‘Jeopardy!’ Fans Angered by Vaxxer Propaganda on Show

The pharmaceutical giant Moderna has recently become a sponsor for the long-running quiz show Jeopardy. However, some fans are expressing concerns that the show is actively promoting vaccination messaging. Jeopardy, which is currently in its 40th season, is hosted by Ken Jennings and Mayim Bialik.

While corporate sponsorships are a common occurrence alongside commercials and promotional elements, many viewers are astonished by the extent of Moderna’s advertising involvement on Jeopardy.

Detractors argue that Jeopardy has incorporated vaccine-related messaging into its programming to an extent where it’s challenging to distinguish between advertising and the show’s own messaging. Moderna, a publicly traded company headquartered in Massachusetts, boasting an annual revenue close to 20 billion dollars, is at the center of this discussion.

The pharmaceutical sector is arguably one of the largest industries in the United States, characterized by an abundance of legal terminology, intricate details, and substantial financial investments in advertising and education. 

Most television viewers are familiar with commercials that conclude with rapid disclaimers stating that the FDA has not assessed the effectiveness of a particular pill or product and advising consultation with a healthcare professional due to potential variations in results.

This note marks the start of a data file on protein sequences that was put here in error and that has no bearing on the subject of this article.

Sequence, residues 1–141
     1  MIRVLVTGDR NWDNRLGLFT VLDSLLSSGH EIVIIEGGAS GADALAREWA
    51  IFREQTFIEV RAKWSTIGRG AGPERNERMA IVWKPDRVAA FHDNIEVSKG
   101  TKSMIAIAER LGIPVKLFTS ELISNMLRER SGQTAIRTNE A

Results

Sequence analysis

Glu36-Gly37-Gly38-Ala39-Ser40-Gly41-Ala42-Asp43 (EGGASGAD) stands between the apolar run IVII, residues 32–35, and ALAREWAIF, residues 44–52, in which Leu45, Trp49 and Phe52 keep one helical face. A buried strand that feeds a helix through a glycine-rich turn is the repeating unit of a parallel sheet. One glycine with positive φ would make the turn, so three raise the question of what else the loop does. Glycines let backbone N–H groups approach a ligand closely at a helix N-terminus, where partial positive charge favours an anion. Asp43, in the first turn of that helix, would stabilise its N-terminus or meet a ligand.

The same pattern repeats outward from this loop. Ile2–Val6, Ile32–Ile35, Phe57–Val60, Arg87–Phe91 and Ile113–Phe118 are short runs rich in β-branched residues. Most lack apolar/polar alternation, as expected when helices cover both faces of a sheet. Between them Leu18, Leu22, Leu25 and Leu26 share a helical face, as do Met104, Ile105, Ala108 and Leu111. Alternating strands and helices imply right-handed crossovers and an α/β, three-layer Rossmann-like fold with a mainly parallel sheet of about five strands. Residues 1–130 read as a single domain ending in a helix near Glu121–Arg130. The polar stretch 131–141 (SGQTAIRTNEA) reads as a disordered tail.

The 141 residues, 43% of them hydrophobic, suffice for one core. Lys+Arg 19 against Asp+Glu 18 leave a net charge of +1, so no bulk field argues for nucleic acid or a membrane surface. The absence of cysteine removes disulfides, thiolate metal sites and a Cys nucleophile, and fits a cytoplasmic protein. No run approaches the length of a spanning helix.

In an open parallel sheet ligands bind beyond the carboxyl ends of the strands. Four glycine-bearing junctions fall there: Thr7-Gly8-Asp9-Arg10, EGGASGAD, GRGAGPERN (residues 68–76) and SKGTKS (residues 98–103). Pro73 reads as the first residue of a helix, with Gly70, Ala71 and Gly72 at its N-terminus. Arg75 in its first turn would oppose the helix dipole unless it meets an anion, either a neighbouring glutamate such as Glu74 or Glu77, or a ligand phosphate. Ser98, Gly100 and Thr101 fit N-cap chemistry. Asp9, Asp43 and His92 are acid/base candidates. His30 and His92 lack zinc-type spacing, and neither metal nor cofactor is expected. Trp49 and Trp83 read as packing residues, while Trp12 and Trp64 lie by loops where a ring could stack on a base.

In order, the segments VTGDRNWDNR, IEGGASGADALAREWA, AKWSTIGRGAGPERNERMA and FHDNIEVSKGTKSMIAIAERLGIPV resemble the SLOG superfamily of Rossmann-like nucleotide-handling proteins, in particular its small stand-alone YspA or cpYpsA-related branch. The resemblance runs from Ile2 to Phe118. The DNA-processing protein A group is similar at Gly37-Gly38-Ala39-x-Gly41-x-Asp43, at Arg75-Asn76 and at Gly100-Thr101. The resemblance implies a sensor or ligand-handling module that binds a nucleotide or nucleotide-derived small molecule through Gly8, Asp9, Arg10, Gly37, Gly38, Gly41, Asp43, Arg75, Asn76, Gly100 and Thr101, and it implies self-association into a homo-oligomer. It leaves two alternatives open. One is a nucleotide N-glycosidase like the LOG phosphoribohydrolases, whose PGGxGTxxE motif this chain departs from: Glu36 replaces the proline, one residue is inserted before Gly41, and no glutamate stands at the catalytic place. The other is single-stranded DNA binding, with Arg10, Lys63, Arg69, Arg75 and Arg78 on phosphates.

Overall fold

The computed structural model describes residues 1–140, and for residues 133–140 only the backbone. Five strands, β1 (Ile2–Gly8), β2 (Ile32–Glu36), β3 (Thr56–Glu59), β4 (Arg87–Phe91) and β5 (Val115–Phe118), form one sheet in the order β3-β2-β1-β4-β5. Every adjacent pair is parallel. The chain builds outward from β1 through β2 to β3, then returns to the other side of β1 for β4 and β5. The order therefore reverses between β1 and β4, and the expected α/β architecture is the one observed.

These advertisements can pertain to skincare products, supplements, or even life-saving medications. It’s noteworthy that the United States is one of only two countries that permit direct-to-consumer pharmaceutical advertising.

As per Tom Nichols’ article in The Atlantic, the inaugural prescription drug advertisement came from a European manufacturer of ibuprofen in Florida during the 1980s. This caught the attention of the FDA, which insisted on the inclusion of necessary disclaimers, significantly lengthening the commercial.

As the 1990s progressed and technological advancements were made, coupled with clearer FDA guidelines on how companies could advertise in commercials while incorporating required disclaimers, the pharmaceutical industry’s investment in TV ads surged. In 1997, drug companies spent $300 million on TV ads, a figure that doubled in 1998. By the year 2000, it had become a 1.5-billion-dollar industry.

Fast forward to 2023, and it has ballooned into a 6-billion-dollar industry, and this doesn’t even encompass marketing directly to healthcare professionals. Nichols argues that, for the well-being of all Americans, this practice should be brought to an end.




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